Gravity also varies from place to place on the Earth's surface, reflecting the uneven distribution of mass in the Earth's crust and mantle. There are also small short-term changes due to the changing attraction of the Sun and Moon.
How is gravity measured?
Gravity can be measured with a pendulum since the period of a pendulum depends only on its length and on gravity. Gravity is therefore the measurement of a time interval and of length --- the period of the pendulum and its effective length. There are other less common methods, e.g. by timing a free-falling object.
The above refers to absolute measurement of gravity. Gravity can also be measured in a relative manner using gravimeters, in which a weight is suspended from a coiled spring whose length changes in proportion to a change in gravity. While they measure only changes in gravity, gravimeters are more sensitive to small changes as well as simpler and faster to operate. For this reason, most gravity measurements are made using gravimeters that measure the gravity relative to a base station at which the absolute gravity has been measured. Compared with pendulum apparatus, gravimeters are 3 or 4 orders of magnitude more precise.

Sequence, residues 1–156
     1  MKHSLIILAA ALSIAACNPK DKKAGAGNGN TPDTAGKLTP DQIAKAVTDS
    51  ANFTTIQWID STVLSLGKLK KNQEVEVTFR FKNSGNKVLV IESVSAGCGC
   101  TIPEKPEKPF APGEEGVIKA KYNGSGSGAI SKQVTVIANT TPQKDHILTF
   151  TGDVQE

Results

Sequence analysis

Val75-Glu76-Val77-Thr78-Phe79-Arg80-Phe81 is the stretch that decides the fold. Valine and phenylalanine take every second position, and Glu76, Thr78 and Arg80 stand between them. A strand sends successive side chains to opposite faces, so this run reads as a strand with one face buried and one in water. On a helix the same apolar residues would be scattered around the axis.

Figure 4 - a photo showing the gravity measurement points on the verandah of the Hong Kong Observatory 1883 Building. On record, the earliest gravity measurements at the Observatory were made in 1933-1935.
Gravity is now routinely measured on board artificial satellites. Simply, as a satellite passes over a gravity anomaly it is accelerated /decelerated in its orbit. While the anomaly itself may be relatively small, the cumulative acceleration/deceleration of the satellite during successive passes becomes measurable.
- "Does anything eat wasps", New Scientist, Profile Books, p.158, 2005.
- "The Cambridge Encyclopedia of Earth Sciences", D.G. Smiths, Cambridge University Press, 1981.